This is not the first time we have seen a controversial colour trademark case; last month in the U.S., fashion designer Christian Louboutin won a trademark case against Yves Saint Laurent over the use of red soles on shoes. The District Court overturned an earlier 2011 decision, which said that a colour could not serve as a trademark in the fashion industry.

While colour trademarks are extremely difficult to obtain, these two rulings demonstrate that obtaining the registration of single colour marks requires a high-level of public recognition, where the colour has become analogous with brand.

To view the  UK High Court decision, click here.

Pro-Consumer Copyright Decisions Released by the Supreme Court of Canada

Five copyright decisions were released yesterday by the Supreme Court of Canada.  The decisions are generally consumer friendly decisions that will benefit consumers who like to download music from services such as Apple’s iTunes, AmazonMP3, or Spotify, and students who like to have freely available photocopies of educational materials.

In short, the Canadian Copyright Licensing Agency and the Society of Composers, Authors, and Music Publishers of Canada were looking to have additional royalties placed on music downloaded or previewed from music download services, and on music used in downloadable video games.  The Supreme Court decided that no additional royalties were warranted in these circumstances.

Straying from the pro-consumer motif that seemed to permeate the July 12th decisions, the Supreme Court ruled that streaming music from websites constitutes a form of communication or broadcasting.  The Court, therefore, allowed new royalties to be placed on such forms of communication.  The likely effects of this will be an increased cost of business for websites that stream music, such as the CBC.  Whether this increased cost of business will translate to an increased cost to the consumer is yet to be seen.

The only non-music related decision had the Court deciding whether royalties should be placed on photocopies of educational materials when they are used in the classroom.  The result of this decision is that educational institutions will be allowed to reproduce snippets of printed materials for educational purposes.  The Court decided that such reproduction fell within the meaning of “research” contained in the fair dealing provision of the Copyright Act.  This will allow teachers to continue to give photocopies of printed materials to their students instead of requiring them to purchase an entire book for the purpose of reading a single article.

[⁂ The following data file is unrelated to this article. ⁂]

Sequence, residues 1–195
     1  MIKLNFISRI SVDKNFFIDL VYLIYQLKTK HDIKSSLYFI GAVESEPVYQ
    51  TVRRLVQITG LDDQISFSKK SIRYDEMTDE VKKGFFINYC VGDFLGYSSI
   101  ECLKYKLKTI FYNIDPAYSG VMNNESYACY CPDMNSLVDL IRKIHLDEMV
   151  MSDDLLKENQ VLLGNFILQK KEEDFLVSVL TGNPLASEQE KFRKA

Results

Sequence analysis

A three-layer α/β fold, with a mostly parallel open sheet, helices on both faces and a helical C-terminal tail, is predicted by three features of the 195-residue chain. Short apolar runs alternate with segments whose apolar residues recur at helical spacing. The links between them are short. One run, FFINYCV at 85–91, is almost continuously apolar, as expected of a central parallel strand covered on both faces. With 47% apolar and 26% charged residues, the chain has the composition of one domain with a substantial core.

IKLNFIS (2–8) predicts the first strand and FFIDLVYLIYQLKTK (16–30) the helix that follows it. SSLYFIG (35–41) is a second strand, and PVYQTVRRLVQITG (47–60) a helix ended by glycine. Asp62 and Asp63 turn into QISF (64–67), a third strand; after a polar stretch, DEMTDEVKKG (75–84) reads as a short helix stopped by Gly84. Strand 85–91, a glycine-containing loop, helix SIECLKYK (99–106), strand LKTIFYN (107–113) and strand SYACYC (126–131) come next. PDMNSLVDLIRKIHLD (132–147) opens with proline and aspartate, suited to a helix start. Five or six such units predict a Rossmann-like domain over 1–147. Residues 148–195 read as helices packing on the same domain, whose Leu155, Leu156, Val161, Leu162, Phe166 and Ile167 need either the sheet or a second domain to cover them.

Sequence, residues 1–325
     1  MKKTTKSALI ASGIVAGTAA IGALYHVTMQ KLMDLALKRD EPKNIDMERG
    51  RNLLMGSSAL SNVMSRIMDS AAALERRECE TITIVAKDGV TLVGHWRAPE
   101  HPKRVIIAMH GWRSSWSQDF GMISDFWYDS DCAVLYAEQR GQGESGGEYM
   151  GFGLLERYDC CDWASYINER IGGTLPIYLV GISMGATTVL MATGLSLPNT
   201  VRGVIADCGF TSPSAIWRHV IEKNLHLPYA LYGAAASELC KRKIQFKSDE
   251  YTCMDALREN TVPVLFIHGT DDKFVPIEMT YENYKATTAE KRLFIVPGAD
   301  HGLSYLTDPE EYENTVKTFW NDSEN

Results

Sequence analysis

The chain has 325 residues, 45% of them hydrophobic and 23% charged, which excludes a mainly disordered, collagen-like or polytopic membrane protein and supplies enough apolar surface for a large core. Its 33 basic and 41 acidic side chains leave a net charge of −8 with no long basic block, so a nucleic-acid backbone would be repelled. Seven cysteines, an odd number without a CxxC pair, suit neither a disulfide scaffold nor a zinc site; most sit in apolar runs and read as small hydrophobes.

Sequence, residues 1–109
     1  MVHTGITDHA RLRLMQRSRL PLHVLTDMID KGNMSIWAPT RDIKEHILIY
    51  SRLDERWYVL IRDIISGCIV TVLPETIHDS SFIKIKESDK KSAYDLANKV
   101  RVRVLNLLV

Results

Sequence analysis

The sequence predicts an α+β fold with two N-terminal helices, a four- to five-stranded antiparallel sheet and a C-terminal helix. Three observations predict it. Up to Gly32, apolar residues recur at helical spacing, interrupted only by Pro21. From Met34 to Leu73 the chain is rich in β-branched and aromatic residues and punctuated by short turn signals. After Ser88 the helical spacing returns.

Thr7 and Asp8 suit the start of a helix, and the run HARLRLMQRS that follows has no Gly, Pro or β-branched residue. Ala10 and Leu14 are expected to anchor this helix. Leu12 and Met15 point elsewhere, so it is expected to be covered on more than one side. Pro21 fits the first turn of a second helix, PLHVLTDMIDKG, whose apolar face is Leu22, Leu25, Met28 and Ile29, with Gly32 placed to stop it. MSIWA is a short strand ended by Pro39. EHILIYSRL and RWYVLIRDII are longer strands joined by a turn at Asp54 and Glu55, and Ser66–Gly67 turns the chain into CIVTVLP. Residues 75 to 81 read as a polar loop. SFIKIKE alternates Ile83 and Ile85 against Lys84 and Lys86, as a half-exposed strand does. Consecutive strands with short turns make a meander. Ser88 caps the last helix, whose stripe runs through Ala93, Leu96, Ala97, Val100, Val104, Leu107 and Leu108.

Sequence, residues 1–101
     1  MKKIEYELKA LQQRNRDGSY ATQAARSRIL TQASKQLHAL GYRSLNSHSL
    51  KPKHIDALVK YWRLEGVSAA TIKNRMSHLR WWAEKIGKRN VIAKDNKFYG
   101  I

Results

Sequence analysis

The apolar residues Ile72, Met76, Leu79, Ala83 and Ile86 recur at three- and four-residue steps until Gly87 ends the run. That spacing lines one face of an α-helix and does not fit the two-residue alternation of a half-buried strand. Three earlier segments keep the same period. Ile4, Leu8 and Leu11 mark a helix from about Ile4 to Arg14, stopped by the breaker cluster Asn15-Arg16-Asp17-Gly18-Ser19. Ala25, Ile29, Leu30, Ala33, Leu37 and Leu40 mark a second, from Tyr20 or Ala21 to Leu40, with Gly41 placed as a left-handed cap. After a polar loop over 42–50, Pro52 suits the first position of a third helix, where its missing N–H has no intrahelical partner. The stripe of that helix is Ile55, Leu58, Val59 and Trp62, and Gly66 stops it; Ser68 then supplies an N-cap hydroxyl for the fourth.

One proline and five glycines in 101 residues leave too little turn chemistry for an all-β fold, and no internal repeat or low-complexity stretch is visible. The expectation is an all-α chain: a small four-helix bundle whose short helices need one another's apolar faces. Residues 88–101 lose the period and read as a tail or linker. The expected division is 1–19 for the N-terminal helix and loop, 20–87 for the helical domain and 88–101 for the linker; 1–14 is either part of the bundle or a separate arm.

More importantly, though, this decision is pointing to a shift in the jurisprudential treatment of the fair dealing provision in the copyright act.  Some legal scholars are of the opinion that despite the Court’s adherence to the formalistic analytical process that is required by the treatment of the fair dealing provision in case law, the Court is shifting towards treating the “fair dealing” provision more like a more flexible “fair use” system such as those found in the United States or Israel.

The full effects of these decisions will only be realized after the Bill C-11 copyright laws have been argued before the Supreme Court.  Of course, it could take several years before the Supreme Court will hear another case relating to the Copyright Act.  Regardless, it was an interesting and eventful day for Intellectual Property jurisprudence.

Some interesting articles relating to these recent Supreme Court decisions include:


Michael Geist:

Toronto Star:–supreme-court-rules-against-copyright-fees-on-music-videos-printed-matter


Should Colour be Accorded Trade-mark Protection in the Fashion Industry? Louboutin’s “Lacquered Red Sole” Trade-mark in Jeopardy in U.S.

In 2008, shoe designer Christian Louboutin was granted a U.S. trade-mark registration for “a lacquered red sole on footwear” as applied to “women’s high fashion designer footwear” (U.S. Reg. No. 3,361,597).   Louboutin’s red-soled shoes have become famous worldwide, as well as highly sought after by celebrities and fashionistas alike.  However, Louboutin’s U.S. trade-mark registration has recently been challenged by the fashion house, Yves Saint Laurent, which also features red-soled shoes in its fashion collections.  Saint Laurent claims that the use of colour in the fashion industry is intended to please the eye rather than to identify a commercial source.    The U.S. District Court for New York agreed with Yves Saint Laurent and found that the colour red as used by Louboutin is aesthetically functional and therefore not entitled to trade-mark protection.   Judge Victor Marrero found that granting trade-mark protection to a colour in the fashion industry unfairly impacted competition, “cramping what other designers could do while allowing Louboutin to paint with a full palette.”  Surprisingly, the court seems to have ignored the significant customer recognition and acquired distinctiveness of Louboutin’s red soles.  The District Court’s decision suggests that any use of colour in the fashion industry constitutes an aesthetically functional use.  Louboutin has appealed to the U.S. Court of Appeals (Second Circuit), and we will continue to monitor this case as it will have significant implications for fashion designers.  See Christian Louboutin S.A. v. Yves Saint Laurent America Holding, Inc.  2011 WL 3505350 (S.D.N.Y. Aug. 10, 2011).